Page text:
MedyMatch reveals artificial intelligence deep vision intracranial bleed detection technology


medymatchMedyMatch Technology has announced that after several years of extensive research and development, it has achieved a major milestone in the availability, for research, of an artificial intelligence based technology that can help detect the presence of intracranial haemorrhage or brain bleed which can occur in cases of brain trauma and stroke. Subtle bleeds are difficult to detect and if misinterpreted or missed by a physician can lead to serious patient injury and even death.

Per the American Heart Association and American Stroke Association (AHA/ASA), stroke is the fourth leading cause of death and one of the top causes of preventable disability in the United States. Affecting 4% of US adults, it is forecasted that by 2030 there will be approximately 3.4 million stroke victims annually in the USA, costing the healthcare system US$240 billion on an annual basis.

It is anticipated that this new technology will come to the marketplace in several forms: a patient specific computer assisted detection (CAD) tool used by physicians in the emergency room to assist in the detection of intracranial bleeds; a prioritisation algorithm operating within a PACS or on a CT to help prioritise cases based on the potential presence of a bleed; and as a tool to provide insights into populations to proactively identify bleed cases.

Deployment will be customer driven as either a cloud or on-premises based solution, with near zero foot-print and seamless integration into a hospital enterprise, integrating smoothly into clinical workflow.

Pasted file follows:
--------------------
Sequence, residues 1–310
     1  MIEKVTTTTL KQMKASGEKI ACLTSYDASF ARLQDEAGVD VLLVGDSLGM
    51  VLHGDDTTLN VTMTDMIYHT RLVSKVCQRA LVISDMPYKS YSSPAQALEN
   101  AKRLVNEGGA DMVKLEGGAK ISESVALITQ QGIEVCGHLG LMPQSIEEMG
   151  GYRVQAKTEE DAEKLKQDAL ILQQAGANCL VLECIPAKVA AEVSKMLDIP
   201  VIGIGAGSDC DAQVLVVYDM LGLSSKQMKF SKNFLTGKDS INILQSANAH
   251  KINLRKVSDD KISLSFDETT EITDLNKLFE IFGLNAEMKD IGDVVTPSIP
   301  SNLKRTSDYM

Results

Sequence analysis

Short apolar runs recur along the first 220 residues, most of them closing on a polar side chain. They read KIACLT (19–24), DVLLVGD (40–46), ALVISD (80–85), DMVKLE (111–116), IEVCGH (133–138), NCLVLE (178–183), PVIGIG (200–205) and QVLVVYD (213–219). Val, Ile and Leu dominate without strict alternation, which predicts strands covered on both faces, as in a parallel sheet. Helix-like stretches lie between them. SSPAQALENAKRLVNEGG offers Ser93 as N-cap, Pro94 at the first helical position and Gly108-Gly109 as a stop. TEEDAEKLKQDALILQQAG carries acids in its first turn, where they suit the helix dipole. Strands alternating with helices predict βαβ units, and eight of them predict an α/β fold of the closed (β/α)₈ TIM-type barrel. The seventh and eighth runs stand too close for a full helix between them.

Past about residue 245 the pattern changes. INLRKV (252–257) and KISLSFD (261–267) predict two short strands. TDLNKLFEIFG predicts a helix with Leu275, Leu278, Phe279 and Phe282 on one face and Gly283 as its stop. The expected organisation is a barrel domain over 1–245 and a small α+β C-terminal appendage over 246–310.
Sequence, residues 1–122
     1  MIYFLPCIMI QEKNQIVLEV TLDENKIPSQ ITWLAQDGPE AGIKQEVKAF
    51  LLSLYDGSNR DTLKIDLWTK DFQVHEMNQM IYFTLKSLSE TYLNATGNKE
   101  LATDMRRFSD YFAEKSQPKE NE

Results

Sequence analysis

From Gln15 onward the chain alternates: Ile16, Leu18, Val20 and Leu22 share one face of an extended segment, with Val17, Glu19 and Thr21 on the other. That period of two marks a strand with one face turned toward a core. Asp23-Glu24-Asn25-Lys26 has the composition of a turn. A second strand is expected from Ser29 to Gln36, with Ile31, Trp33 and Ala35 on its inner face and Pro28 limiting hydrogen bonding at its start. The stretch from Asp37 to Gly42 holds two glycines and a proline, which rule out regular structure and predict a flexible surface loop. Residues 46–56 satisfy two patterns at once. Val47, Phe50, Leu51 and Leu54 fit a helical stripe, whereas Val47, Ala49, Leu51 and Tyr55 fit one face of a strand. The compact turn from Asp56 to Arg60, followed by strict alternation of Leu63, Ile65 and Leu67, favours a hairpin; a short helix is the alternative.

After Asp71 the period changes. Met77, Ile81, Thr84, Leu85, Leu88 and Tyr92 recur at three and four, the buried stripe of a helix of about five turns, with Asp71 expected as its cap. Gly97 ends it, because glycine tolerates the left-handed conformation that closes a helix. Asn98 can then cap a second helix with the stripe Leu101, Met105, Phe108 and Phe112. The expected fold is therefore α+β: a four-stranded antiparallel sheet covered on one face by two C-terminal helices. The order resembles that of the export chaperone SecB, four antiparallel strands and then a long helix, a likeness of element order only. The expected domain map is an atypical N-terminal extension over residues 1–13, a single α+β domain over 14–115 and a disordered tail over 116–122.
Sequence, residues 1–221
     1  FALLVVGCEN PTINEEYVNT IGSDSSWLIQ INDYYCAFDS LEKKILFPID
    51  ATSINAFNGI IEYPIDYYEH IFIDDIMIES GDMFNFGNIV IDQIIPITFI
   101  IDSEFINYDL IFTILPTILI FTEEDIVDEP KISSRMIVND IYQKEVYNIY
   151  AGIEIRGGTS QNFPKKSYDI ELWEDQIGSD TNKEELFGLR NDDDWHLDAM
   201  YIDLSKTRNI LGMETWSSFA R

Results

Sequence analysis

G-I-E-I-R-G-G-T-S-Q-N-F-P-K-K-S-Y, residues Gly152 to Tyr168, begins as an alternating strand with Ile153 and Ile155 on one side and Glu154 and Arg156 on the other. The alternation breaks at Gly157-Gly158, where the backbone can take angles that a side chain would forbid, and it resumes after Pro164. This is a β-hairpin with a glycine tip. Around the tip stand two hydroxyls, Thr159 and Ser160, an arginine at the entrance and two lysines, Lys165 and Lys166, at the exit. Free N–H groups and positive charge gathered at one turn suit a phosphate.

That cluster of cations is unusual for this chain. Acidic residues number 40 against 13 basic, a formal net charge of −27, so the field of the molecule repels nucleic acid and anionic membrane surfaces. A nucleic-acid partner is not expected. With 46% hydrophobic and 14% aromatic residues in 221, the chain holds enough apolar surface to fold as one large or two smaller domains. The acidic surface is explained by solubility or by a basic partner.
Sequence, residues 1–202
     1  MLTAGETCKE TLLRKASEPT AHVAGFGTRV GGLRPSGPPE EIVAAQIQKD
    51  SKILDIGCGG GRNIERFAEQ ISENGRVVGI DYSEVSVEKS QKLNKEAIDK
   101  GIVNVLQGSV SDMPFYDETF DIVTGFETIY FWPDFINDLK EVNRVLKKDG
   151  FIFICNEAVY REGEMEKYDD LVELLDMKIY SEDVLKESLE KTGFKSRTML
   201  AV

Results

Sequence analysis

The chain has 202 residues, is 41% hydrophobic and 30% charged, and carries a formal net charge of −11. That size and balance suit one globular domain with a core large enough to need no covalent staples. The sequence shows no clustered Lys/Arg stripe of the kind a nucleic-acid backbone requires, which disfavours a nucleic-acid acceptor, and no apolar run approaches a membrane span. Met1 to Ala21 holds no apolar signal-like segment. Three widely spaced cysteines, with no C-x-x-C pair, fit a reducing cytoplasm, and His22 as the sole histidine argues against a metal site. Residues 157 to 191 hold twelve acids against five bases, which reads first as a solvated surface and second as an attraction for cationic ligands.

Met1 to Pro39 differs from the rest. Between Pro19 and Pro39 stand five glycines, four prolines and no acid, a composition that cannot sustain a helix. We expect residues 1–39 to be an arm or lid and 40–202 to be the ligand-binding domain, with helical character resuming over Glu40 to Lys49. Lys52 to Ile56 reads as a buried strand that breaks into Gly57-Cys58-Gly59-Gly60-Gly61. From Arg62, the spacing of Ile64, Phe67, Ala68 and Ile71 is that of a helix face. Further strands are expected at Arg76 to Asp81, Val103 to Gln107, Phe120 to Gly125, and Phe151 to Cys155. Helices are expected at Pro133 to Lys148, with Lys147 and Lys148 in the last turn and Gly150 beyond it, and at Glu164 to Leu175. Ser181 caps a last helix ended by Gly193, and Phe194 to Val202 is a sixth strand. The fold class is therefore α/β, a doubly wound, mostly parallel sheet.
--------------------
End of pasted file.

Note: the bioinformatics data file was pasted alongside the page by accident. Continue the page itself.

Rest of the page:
“The generalised 3D deep vision platform approach has the promise to tackle many diseases. We have developed the capability to consider the full richness of medical imaging along with any other patient data,” says Gene Saragnese, chairman & CEO of MedyMatch. “Our platform and AI approach will facilitate rapid decision support development, clinical discovery and propel MedyMatch into adjacent decision support opportunities.”

It is envisioned that MedyMatch’s technology will assist physicians and not replace them, essentially providing a virtual “second set of eyes” to help physicians assess radiology images as accurately as possible.

“Consideration of the whole patient differentiates MedyMatch from traditional CAD applications,” says Jacob Cohen, chief technical officer of MedyMatch. “While traditional CADs strictly focus on pixel data, MedyMatch’s technology applies deep learning and computer vision (Deep Vision) to interpret the full richness of the 3D imaging data together with the patient’s Electronic Medical Record, allowing the system to consider the ‘whole’ patient.”

MedyMatch’s goal is to harness clinical understanding in conjunction with computer vision and deep learning to provide real time artificial intelligence-based clinical decision support to physicians in the emergency room.  To accomplish this, MedyMatch considers all the multidimensional patient data; raw imaging concurrently with other relevant patient data at the leading edge of machine learning technologies.